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As with all basic math operations in Excel to add two or more numbers in Excel y
ou need to create a formula.
Note: To add together several numbers that are located in a single column or row
in a worksheet, use the SUM Function, which offers a shortcut to creating a lon
Important points to remember about Excel formulas:
Formulas in Excel always begin with the equal sign ( = );
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The equal sign is always typed into the cell where you want the answer to ap
pear;
The formula is completed by pressing the Enter key on the keyboard.
Using Cell References in Addition Formulas
In the image above, the first set of examples (rows 1 to 4) use a simple formula
- located in column C - to add together the data in columns A and B.
Although it is possible to enter numbers directly into an addition formula - as
shown by the formula:
= 5 + 5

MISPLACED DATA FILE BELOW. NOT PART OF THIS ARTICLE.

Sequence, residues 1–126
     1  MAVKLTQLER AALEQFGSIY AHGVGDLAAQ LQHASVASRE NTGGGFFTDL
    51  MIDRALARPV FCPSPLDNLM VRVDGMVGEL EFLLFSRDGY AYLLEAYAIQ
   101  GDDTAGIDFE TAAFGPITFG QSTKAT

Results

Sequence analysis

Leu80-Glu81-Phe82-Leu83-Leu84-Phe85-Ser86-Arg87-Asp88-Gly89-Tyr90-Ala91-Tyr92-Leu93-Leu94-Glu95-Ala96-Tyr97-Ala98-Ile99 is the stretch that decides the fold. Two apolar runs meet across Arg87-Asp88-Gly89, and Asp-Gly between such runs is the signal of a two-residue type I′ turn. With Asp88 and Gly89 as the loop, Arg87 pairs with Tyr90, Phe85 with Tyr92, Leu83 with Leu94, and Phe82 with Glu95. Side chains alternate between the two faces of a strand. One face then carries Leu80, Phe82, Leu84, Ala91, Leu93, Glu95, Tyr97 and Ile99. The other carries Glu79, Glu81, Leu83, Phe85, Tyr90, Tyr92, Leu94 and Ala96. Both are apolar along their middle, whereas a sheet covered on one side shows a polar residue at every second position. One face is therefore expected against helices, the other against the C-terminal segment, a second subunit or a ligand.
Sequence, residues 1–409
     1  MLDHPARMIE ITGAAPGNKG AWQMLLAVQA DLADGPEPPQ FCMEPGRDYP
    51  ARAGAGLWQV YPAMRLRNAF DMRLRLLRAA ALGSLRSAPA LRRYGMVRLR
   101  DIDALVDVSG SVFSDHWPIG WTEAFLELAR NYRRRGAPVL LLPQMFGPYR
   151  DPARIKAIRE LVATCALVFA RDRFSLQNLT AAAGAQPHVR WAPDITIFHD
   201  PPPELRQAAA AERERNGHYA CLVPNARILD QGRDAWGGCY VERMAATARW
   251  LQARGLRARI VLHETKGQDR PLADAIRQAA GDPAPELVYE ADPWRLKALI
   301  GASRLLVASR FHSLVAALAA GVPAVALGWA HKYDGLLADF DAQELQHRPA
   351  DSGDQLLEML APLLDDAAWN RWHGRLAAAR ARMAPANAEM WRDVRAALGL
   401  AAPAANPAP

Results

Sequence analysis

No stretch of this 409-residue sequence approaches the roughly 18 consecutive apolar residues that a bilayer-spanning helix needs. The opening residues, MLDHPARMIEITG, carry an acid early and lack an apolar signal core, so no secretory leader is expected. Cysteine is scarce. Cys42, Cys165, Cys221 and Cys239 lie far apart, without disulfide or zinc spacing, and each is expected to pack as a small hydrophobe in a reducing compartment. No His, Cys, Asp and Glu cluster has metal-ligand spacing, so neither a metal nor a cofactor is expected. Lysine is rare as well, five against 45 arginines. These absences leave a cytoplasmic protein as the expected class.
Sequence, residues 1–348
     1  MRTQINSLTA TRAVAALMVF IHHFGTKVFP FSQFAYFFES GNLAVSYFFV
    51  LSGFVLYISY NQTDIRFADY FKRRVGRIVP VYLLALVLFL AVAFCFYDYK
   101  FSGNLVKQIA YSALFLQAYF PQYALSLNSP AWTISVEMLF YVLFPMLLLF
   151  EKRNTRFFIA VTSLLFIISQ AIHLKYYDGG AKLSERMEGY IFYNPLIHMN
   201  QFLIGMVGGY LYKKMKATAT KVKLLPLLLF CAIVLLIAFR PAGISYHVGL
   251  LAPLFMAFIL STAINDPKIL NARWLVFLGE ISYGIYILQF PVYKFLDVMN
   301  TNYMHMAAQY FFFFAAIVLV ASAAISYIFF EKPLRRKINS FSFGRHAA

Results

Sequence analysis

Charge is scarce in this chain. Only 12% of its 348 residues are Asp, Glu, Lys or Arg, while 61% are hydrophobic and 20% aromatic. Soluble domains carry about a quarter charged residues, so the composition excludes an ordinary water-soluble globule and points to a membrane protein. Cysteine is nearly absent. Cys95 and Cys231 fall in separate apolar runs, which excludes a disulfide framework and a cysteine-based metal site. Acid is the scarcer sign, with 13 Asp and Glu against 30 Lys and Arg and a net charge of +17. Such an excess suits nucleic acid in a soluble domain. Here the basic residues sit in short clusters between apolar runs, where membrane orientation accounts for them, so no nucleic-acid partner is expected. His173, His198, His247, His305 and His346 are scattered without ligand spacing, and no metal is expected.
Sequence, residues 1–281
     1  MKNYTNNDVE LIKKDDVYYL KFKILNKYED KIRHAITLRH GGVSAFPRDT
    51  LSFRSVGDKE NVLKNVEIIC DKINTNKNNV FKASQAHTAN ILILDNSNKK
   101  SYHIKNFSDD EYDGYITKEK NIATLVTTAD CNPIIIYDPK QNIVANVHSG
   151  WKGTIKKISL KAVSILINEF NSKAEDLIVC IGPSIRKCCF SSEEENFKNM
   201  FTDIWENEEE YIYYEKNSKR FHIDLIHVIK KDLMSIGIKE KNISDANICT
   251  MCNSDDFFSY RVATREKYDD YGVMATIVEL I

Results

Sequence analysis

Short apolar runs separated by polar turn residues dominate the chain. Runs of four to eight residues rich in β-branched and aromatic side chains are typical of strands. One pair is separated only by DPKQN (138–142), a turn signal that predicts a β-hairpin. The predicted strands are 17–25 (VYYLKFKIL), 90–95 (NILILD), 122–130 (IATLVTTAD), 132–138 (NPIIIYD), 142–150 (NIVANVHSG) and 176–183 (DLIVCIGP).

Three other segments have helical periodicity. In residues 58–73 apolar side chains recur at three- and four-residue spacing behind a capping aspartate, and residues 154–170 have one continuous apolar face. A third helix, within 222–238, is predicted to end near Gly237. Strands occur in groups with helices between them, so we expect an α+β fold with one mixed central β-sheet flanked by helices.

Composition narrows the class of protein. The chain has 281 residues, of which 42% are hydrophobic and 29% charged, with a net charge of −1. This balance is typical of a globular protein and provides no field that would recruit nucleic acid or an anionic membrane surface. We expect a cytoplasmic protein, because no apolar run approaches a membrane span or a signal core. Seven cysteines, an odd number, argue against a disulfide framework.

in row 2 of the image - it is much better to enter the data into worksheet cells
and then use the addresses or references of those cells in the formula - as sho
wn by the formula
=A2 + B2
in row 3 above.
One advantage of using cell references rather than the actual data in a formula
, is that, if, at a later date, it becomes necessary to change the data it is a
simple matter of replacing the data in the cell rather than rewriting the formu
la.
Normally, the results of the formula will update automatically once the data cha
nges.

## Entering the Cell References using Pointing

Although it is possible to just type the above formula into cell C3 and have the
correct answer appear, it is usually better to use pointing to add the cell ref
erences to formulas in order to minimize the possibility of errors created by ty
ping in the wrong cell reference.
Pointing involves clicking on the cell containing the data with the mouse pointe
r to add the cell reference to the formula.
Steps to Creating the Addition Formula
The steps used to create the addition formula in cell C3 are:
Click on cell A3 with the mouse pointer to add that cell reference to the fo